Articles on Courts

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It’s not the first time attempts have been made to block WhatsApp in Brazil. Chonlachai Panprommas/Shutterstock

Why is Brazil trying to block WhatsApp?

It's a battle of online privacy versus a crackdown on crime, but is a total ban on the popular app, WhatsApp, the right way to go?
Some South African universities said they felt sufficiently threatened to obtain interdicts against protesting students. Kim Ludbrook/EPA

Explainer: the role of court interdicts in managing protests

Universities were widely criticised for turning to the courts during a series of student protests in South Africa. So why did they do it, and did the interdict process work?
The court ruled that Dutch citizens have a legal right to be protected from climate change. Moyan Brenn/Flickr/Wikimedia Commons

What does the Dutch court ruling on climate targets mean for Australia?

For the first time, a court has ordered a government to strengthen its climate targets. It's a watershed, not just for the Netherlands but potentially for countries such as Australia whose targets have been criticised.
Australia acknowledges the sacrifices of war veterans on commemorative occasions, but those who are charged with criminal offences can only hope the court shows understanding. AAP/Rebecca Le May

Burdens of war service create a strong case for a veterans’ court

The creation of veterans' courts could be part of a fundamental shift to a criminal justice system that genuinely tackles the causes of crime.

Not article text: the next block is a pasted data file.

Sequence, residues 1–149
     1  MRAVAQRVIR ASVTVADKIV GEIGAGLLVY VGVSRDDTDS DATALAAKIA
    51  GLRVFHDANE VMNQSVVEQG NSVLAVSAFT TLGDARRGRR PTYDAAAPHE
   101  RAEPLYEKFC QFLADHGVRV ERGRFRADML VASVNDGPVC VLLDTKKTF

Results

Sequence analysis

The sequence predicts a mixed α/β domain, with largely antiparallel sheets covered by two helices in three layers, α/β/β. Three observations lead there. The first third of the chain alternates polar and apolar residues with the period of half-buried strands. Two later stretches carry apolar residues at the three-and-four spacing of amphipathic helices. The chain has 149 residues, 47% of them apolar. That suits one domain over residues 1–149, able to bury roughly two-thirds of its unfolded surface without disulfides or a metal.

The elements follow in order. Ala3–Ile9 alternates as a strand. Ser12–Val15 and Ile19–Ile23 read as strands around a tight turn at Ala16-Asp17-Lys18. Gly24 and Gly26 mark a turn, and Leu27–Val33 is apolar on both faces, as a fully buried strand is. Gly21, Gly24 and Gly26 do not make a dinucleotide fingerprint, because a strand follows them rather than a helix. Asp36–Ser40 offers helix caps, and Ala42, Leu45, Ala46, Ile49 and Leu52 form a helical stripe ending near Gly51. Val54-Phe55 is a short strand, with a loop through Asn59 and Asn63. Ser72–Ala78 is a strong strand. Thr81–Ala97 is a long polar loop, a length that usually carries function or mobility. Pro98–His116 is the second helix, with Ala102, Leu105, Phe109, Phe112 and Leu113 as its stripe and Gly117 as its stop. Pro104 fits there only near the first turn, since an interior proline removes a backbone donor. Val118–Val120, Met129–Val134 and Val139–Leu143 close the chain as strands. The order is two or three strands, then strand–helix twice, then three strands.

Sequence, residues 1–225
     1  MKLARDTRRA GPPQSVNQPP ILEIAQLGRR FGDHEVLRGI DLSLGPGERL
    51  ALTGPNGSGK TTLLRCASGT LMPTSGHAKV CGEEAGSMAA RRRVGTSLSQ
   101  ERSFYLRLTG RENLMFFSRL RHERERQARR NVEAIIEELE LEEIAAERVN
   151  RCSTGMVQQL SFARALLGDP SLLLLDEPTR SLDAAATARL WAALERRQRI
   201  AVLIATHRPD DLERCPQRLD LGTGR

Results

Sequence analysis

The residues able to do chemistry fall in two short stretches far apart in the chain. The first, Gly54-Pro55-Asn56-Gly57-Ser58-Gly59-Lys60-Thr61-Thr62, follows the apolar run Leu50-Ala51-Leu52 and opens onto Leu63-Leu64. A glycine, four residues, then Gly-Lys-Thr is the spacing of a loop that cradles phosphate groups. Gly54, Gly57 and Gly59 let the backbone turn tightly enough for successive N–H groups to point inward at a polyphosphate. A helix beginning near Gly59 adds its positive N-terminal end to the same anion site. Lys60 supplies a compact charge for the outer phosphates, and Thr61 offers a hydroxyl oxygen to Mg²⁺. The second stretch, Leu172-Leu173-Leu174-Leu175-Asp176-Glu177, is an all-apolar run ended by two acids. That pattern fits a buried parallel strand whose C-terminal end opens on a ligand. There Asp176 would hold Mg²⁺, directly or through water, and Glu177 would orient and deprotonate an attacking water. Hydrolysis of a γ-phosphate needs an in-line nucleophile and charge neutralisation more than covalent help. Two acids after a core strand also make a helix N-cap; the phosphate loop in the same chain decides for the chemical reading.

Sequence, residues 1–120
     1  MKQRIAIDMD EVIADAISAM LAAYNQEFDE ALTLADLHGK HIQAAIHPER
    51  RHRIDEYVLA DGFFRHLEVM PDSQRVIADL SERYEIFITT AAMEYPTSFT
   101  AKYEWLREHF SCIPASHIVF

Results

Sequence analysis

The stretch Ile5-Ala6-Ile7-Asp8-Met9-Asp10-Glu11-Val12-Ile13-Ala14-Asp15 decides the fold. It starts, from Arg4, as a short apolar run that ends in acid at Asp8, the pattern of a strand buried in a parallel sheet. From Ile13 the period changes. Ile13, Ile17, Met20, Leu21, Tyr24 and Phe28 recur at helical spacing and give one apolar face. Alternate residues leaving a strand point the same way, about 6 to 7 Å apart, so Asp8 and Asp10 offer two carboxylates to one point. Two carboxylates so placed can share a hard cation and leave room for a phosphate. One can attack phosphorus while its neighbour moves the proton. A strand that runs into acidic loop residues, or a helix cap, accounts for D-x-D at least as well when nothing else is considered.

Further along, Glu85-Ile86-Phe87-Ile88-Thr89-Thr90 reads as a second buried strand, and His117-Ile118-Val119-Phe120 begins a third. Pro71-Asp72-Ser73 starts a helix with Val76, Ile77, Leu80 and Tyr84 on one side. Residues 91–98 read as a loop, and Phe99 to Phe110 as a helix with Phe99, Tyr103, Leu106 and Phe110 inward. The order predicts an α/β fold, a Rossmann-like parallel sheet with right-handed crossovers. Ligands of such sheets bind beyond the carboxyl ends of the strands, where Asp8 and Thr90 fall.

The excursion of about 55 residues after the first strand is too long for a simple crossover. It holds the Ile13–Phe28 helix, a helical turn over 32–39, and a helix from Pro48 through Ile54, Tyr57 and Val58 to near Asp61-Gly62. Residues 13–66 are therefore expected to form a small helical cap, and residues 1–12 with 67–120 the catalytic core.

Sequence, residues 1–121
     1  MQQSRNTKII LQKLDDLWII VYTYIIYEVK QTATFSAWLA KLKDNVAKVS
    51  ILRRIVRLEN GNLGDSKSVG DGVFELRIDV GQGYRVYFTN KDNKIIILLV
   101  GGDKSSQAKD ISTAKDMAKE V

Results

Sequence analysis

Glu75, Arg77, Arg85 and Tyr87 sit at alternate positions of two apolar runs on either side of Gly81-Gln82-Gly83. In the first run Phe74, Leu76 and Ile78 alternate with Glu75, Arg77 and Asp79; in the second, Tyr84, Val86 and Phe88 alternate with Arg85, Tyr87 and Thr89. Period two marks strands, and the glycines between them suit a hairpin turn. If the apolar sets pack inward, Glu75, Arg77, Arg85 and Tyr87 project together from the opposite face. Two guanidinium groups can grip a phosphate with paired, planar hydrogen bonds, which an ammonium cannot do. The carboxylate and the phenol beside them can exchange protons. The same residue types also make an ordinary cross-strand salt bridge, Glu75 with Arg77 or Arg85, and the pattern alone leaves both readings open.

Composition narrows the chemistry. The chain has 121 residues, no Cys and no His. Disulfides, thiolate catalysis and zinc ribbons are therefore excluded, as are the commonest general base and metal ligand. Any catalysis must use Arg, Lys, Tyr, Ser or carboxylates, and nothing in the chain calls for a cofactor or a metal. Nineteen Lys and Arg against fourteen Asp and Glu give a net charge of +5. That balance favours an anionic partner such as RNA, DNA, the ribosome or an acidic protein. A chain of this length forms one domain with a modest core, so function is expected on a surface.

The standard of proof that applies in different types of judicial proceedings may result in quite different verdicts. Shutterstock/Andrey Popov

Judge suspects but must acquit man on child pornography charges

After saying he was 'deeply suspicious', a judge cleared a man of child pornography offences. We need to understand the standard of proof to make sense of verdicts, including AFL rulings on doping.
Cases involving mental health are mostly heard in Victoria’s Supreme Court. They are complex, costly - and rare. Smith, Johnson/ Wikimedia Commons

‘Crazed killer’ headlines defy facts of crime and mental impairment

Few things cause more public alarm than the notion of the “crazed killer” walking our streets. A common figure in newspaper headlines and current affairs shows, he (occasionally she) is often accompanied…
Televised court proceedings will reveal what goes on inside these walls. John Allan

Cameras in court throw us in at the deep end before we’re ready

The Court of Appeal is to be televised for the first time now that a ban on cameras in courts in England and Wales has been lifted. High-profile media organisations have been lobbying for such a move for…
Animated evidence is often used in court but is it reliable? Gareth Norris

Computer-generated images influence trial results

Recent cases involving the use of computer generated images as evidence in courtrooms have shown the powerful impact they can have on jury decision making. But studies show that jurors can be unduly influenced…
Two women wearing niqabs in France. The traditional Islamic garment has caused controversy in the UK after a judge forced a woman to remove hers to give evidence in court. EPA/Ian Langsdon

Women and veiling: the elephant in the courtroom

The rights and wrongs of women wearing niqabs to give evidence have been the subject of an English court decision and much social and media debate recently. Over the past few years, the issue has also…

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